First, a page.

We hear it from a woman named Mistress Shaw: "In his own time, the Good Lord will manage them all. The curse of the pharaohs was a poor example of what waits for the plantation class."

We hear it from Solomon himself: "Thou devil!" he tells Epps. "Sooner or later, somewhere in the course of eternal justice thou shalt answer for this sin!"

The message is obvious: Slavery is a sin, abhorred by God Himself. It is a universal truth, far above the powers of mortal man to change. 12 Years a Slave posits there is a morality in the universe misunderstood by the likes of Epps and Ford. And that, however you call it, points right to God.


1. Characters in 12 Years a Slave twist religion to serve their own ends. Can you think of times when certain people now have done that? Have you done that?

2. Was Epps a Christian?

3. At one point, Patsey asks Solomon to kill her, claiming that God would look on it not as a sin, but as a mercy. Do you think she's right?

4. The song "Roll, Jordan, Roll" is perhaps a nod to the comforting power of faith in times of great misery—even when it doesn't make that misery disappear. Have you gone through times when your faith comforted you?

Bible Verses

"But let justice roll down like waters, and righteousness like an ever-flowing stream."
Amos 5:24 (a verse that gives "Roll, Jordan, Roll" perhaps extra resonance)

"He has told you, O man, what is good; and what does the Lord require of you but to do justice, and to love kindness, and to walk humbly with your God?"
Micah 6:8

"Everyone who makes a practice of sinning also practices lawlessness; sin is lawlessness."
1 John 3:4

"For I consider that the sufferings of this present time are not worth comparing with the glory that is to be revealed to us."
Romans 8:18

"We are afflicted in every way, but not crushed; perplexed, but not driven to despair; persecuted, but not forsaken; struck down, but not destroyed; always carrying in the body the death of Jesus, so that the life of Jesus may also be manifested in our bodies."
2 Corinthians 4:8-10

Thursday, January 16, 2014

Looking for Truth at the Oscars

Gravity and American Hustle each snagged 10 Oscar nominations this morning, including for Best Picture. But they'll have to contend with seven other nominees for that top honor: 12 Years a Slave, Captain Phillips, Dallas Buyers Club, Her, Nebraska, Philomena, and The Wolf of Wall Street.

Overall, it's a strong mix of movies (even with the sad, nay, horrible omission of Saving Mr. Banks) in a year that had more than its fair share of good ones. But that doesn't mean they're all great to sit back and watch with your sweetie and a bag of popcorn. 12 Years a Slave and its depiction of horrors is, at times, almost torture to sit through. The Wolf of Wall Street is as rough and foul a movie to be released in—well, maybe ever. American Hustle, Dallas Buyers Club, Her and Nebraska are all rated R for good reason, and many Christians won't see R-rated movies unless they have the words "passion" and "Christ" in the title.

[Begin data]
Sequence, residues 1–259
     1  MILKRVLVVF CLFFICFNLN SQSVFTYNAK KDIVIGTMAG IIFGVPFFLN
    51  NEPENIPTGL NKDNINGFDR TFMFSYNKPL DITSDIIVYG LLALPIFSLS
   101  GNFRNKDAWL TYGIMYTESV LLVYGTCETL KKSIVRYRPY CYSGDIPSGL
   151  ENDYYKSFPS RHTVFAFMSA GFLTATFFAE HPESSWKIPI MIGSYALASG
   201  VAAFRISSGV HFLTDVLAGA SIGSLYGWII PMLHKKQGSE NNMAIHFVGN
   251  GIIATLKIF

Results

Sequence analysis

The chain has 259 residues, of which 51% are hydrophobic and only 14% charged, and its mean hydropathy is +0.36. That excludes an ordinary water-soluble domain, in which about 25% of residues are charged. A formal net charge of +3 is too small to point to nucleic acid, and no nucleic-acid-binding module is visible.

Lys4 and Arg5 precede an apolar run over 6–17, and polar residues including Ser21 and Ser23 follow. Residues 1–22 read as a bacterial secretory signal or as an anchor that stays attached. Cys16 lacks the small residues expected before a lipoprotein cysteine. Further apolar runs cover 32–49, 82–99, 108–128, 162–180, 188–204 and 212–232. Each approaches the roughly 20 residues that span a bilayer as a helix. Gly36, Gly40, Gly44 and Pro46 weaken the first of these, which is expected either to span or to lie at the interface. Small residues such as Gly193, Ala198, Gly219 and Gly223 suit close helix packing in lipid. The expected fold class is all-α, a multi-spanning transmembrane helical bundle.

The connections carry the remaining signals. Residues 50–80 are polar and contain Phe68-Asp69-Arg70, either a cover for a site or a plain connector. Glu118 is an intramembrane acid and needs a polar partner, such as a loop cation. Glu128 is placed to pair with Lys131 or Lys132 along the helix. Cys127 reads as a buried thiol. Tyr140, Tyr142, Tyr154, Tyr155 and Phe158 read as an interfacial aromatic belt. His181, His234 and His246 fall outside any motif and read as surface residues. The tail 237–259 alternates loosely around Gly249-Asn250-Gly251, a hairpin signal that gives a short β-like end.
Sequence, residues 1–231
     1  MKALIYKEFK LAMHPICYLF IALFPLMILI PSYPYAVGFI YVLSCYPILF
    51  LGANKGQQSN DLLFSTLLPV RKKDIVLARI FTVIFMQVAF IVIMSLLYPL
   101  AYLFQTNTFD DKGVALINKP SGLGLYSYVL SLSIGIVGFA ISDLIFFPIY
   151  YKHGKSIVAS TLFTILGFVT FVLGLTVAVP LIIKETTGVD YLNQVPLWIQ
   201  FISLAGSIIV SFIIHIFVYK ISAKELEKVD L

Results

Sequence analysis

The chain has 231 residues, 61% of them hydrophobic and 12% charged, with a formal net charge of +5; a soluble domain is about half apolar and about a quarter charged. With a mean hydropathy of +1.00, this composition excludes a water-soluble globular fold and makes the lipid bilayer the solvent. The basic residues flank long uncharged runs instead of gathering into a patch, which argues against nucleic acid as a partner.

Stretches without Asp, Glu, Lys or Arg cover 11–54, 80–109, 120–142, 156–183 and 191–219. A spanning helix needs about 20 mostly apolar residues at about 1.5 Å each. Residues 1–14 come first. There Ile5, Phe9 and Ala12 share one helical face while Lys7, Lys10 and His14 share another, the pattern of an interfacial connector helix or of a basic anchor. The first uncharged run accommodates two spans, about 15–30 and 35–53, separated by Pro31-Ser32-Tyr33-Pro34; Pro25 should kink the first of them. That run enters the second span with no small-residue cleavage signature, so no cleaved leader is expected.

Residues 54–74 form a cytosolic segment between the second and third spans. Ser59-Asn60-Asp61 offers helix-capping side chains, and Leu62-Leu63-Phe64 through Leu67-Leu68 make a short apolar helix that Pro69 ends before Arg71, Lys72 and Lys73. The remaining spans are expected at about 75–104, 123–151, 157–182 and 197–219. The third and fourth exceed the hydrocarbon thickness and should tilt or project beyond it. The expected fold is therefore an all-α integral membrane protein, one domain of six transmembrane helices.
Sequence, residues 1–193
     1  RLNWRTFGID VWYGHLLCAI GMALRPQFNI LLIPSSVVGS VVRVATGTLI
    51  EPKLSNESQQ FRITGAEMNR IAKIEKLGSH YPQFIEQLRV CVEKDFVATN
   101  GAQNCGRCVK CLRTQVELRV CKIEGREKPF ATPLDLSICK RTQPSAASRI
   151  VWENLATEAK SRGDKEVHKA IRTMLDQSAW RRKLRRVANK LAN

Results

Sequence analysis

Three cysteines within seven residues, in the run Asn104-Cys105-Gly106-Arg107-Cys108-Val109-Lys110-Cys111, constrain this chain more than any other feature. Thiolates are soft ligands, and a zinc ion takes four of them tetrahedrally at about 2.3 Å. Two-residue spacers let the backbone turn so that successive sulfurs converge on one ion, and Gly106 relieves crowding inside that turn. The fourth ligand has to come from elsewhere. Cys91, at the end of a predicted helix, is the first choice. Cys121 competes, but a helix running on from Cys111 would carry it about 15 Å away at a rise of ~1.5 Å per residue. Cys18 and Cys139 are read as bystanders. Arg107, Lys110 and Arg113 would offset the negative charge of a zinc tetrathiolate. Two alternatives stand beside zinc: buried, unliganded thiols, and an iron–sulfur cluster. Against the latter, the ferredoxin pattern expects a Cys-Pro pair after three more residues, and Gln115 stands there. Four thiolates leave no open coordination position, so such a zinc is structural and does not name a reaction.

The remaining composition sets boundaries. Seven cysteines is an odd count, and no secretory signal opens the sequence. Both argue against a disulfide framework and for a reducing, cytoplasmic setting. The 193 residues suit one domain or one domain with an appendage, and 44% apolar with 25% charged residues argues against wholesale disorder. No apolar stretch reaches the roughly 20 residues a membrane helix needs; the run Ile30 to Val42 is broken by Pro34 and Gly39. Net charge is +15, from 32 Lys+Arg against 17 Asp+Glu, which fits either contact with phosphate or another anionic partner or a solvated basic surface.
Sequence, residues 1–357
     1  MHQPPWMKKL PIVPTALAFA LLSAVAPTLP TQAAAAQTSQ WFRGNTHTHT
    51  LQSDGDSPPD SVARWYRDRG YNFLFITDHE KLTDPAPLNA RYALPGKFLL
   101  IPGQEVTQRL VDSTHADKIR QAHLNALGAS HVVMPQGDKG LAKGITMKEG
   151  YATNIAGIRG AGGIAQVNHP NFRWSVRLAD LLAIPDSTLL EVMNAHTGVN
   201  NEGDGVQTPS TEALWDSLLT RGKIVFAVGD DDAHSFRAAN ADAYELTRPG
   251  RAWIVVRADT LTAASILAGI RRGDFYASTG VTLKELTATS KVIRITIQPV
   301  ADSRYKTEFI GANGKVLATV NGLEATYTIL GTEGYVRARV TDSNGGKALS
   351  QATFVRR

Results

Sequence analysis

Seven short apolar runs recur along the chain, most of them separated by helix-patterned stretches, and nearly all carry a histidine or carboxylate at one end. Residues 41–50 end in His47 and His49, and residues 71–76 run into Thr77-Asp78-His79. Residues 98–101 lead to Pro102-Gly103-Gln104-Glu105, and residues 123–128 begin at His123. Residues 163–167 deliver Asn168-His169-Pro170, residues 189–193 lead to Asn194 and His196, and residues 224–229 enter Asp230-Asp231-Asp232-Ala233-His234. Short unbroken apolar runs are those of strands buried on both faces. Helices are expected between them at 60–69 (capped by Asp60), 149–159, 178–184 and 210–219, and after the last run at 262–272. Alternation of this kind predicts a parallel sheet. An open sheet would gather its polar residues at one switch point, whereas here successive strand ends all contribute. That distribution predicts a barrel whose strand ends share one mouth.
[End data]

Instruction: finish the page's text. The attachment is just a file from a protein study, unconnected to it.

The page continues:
There are lots of good reasons to skip harsh movies, of course, whatever their artistic merit. Plugged In (the ministry for which I work) exhorts people to be wary of the entertainment they consume, just like health-conscious folks might clear of trans-fats. Watching a lot of sex and violence and whatnot can be unhealthy, studies suggest. And if that's not enough rationale, we can point to Scripture—the oft-quoted Philippians 4:8:

Finally, brothers, whatever is true, whatever is noble, whatever is right, whatever is pure, whatever is lovely, whatever is admirable—if anything is excellent or praiseworthy—think about such things.

But should all of that preclude us from, or make us feel guilty for, watching the movies above? Not necessarily.

Many Christians take Phil. 4:8 to mean that we shouldn't expose ourselves to unpleasantness. If a movie contains elements that rub us the wrong way or make us feel uncomfortable or run counter to our faith, we should steer clear. And maybe they're right. I'm no theologian.

But when it comes to the art of storytelling (and movies, of course, are simply powerful visual stories), it seems to me like you often need to bring in some negative elements to bring forth the true, the right, the pure. The Bible itself is certainly no gigantic Hallmark card of inoffensiveness. It challenges us and sometimes shocks us. The people who wrote it lived in a harsh, brutal, sensuous and often unforgiving world. And so when I read Phil. 4:8, my eyes are pulled again and again to the beginning of the phrase.

Whatever is true.

"God's artistic choices should govern our own," writes N.D. Wilson in a fantastic online column for Christianity Today. "More than any other type of artist, Christian artists should be truth-lovers and truth-tellers. More than any other consumer, Christian readers … should be truth-seekers."